In the past, doctors tended to diagnose reactive hypoglycaemia in people who had symptoms resembling those of hypoglycaemia 2 to 4 hours after a meal or to diagnose people with vague symptoms (mainly fatigue) as having hypoglycaemia. However, measurement of blood sugar levels during an episode of symptoms doesn't reveal true hypoglycaemia. Attempts have been made to reproduce reactive hypoglycaemia with an oral glucose tolerance test, but this test doesn't accurately reflect what happens after a normal meal.
A type of reactive hypoglycaemia that occurs in infants and children is caused by foods that contain the sugars fructose and galactose or the amino acid leucine. Fructose and galactose prevent the release of glucose from the liver; leucine stimulates overproduction of insulin from the pancreas.
In either case, the result is a low blood sugar level some time after eating foods containing these nutrients. In adults, the ingestion of alcohol in combination with sugar, for example, as a gin and tonic, may precipitate reactive hypoglycaemia.
Excessive insulin production also can cause hypoglycaemia. Excessive production may result from a tumor of the pancreas' insulin-producing cells (an insulinoma) or, rarely, from a generalized proliferation of these cells. Infrequently, a tumor outside the pancreas causes hypoglycaemia by producing an insulinlike hormone.
A rare cause of hypoglycaemia is an autoimmune disease in which the body produces antibodies to insulin. The levels of insulin in the blood fluctuate abnormally as the pancreas produces excessive insulin to cope with the antibodies. This condition may occur in people with or without diabetes.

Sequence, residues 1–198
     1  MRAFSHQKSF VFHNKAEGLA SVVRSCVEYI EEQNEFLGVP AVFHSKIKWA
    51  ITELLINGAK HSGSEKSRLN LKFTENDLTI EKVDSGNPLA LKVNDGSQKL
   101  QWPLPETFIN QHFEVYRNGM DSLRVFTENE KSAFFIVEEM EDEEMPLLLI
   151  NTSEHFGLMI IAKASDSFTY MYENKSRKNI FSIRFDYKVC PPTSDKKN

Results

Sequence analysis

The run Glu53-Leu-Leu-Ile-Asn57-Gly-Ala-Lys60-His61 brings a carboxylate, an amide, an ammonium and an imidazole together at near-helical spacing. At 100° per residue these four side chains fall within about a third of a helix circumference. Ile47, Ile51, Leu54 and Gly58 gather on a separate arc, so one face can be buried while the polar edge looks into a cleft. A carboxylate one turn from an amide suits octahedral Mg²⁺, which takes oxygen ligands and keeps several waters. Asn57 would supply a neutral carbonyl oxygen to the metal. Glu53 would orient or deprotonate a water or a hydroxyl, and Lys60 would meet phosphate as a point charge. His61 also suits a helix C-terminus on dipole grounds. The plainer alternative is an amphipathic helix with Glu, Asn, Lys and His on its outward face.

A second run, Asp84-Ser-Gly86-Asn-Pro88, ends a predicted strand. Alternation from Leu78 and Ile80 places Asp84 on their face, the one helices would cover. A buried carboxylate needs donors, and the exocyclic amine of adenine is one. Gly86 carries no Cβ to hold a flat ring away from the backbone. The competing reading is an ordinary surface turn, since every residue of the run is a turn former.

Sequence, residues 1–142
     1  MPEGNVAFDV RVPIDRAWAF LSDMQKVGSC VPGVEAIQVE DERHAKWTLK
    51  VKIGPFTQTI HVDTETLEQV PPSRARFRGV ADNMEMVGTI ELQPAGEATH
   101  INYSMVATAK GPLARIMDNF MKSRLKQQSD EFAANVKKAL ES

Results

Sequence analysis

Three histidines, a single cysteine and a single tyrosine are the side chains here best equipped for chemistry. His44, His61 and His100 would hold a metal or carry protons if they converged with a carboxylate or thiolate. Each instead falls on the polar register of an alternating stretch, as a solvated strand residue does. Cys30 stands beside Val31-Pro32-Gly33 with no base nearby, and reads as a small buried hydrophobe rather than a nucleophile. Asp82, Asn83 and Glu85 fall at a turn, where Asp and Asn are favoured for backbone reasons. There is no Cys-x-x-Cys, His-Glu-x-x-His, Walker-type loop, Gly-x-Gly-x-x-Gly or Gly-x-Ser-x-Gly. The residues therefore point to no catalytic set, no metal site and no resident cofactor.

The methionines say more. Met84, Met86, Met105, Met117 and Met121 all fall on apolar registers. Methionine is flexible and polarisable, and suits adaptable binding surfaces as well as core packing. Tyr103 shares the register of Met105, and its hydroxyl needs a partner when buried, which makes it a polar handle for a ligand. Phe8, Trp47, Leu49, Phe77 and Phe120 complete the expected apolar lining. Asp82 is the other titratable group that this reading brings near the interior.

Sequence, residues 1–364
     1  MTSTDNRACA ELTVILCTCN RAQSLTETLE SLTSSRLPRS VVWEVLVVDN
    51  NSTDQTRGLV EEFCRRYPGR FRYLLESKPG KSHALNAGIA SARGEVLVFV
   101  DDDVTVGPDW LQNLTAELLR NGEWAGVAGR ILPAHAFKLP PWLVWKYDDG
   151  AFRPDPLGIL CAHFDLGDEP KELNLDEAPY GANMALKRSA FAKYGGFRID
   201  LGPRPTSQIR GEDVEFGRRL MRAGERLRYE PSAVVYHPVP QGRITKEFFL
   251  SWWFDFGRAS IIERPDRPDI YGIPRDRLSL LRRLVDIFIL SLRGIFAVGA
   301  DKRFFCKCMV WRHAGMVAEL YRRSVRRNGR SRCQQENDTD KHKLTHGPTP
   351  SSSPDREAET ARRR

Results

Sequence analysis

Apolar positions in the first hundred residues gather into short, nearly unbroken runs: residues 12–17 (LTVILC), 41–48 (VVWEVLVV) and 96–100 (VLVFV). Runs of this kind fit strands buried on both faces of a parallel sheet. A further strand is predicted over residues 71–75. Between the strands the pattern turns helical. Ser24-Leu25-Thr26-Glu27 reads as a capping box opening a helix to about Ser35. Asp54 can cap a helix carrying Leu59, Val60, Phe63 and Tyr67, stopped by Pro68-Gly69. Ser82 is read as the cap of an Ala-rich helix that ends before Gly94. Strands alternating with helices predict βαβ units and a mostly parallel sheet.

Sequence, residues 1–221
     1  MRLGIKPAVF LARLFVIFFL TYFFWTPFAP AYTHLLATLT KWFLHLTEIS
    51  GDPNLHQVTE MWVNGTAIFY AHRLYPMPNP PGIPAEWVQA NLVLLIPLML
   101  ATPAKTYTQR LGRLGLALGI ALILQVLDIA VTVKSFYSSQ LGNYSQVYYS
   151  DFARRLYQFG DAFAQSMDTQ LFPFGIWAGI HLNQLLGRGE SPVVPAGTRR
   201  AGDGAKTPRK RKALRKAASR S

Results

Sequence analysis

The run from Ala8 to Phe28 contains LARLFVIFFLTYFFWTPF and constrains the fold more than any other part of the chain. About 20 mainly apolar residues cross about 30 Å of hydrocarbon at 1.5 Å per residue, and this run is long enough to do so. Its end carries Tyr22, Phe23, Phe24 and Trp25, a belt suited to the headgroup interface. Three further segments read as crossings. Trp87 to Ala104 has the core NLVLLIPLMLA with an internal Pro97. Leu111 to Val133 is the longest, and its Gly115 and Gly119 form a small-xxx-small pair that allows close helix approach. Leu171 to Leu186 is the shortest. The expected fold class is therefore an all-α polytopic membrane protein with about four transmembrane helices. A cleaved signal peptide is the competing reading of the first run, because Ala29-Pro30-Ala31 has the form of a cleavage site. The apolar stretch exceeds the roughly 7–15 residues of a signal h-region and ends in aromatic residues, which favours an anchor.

Hypoglycaemia can also result from kidney or heart failure, cancer, malnutrition, abnormal pituitary or adrenal function, shock, and severe infection. Extensive liver disease for example from viral hepatitis, cirrhosis, or cancer may also produce hypoglycemia.
The body first responds to a fall in blood sugar levels by releasing epinephrine (adrenaline) from the adrenal glands and certain nerve endings. Epinephrine stimulates the release of sugar from body stores but also causes symptoms similar to those of an anxiety attack: sweating, nervousness, quivering, faintness, palpitations, and sometimes hunger. More severe hypoglycaemia reduces the glucose supply to the brain, causing dizziness, confusion, fatigue, weakness, headaches, inappropriate behavior that can be mistaken for drunkenness, inability to concentrate, vision abnormalities, epilepsylike seizures, and coma.
Prolonged hypoglycaemia may permanently damage the brain. Both the anxietylike symptoms and impairment of brain function can begin slowly or suddenly, progressing from mild discomfort to severe confusion or panic within minutes. People who take insulin or oral hypoglycaemic drugs for diabetes are most commonly affected.
In a person with an insulin-producing pancreatic tumour, symptoms are likely to occur early in the morning after an overnight fast, especially if the blood sugar stores are further depleted by exercise before breakfast. At first, people with a tumour usually have only occasional episodes of hypoglycaemia, but over months or years, episodes become more frequent and severe.
Doctors measure the blood sugar and then insulin levels when a nondiabetic and otherwise healthy person develops anxiety, drunkenlike behavior, or the other symptoms of impaired brain function described above. The symptoms of hypoglycaemia rarely develop until the blood sugar level falls below 50 milligrams per deciliter of blood, although occasionally people develop symptoms at slightly higher levels, and some don't develop symptoms until their levels are much lower. Low blood sugar levels along with the symptoms of hypoglycaemia confirm the diagnosis. If symptoms are relieved as the blood sugar level rises within a few minutes of ingesting sugar, the diagnosis is supported.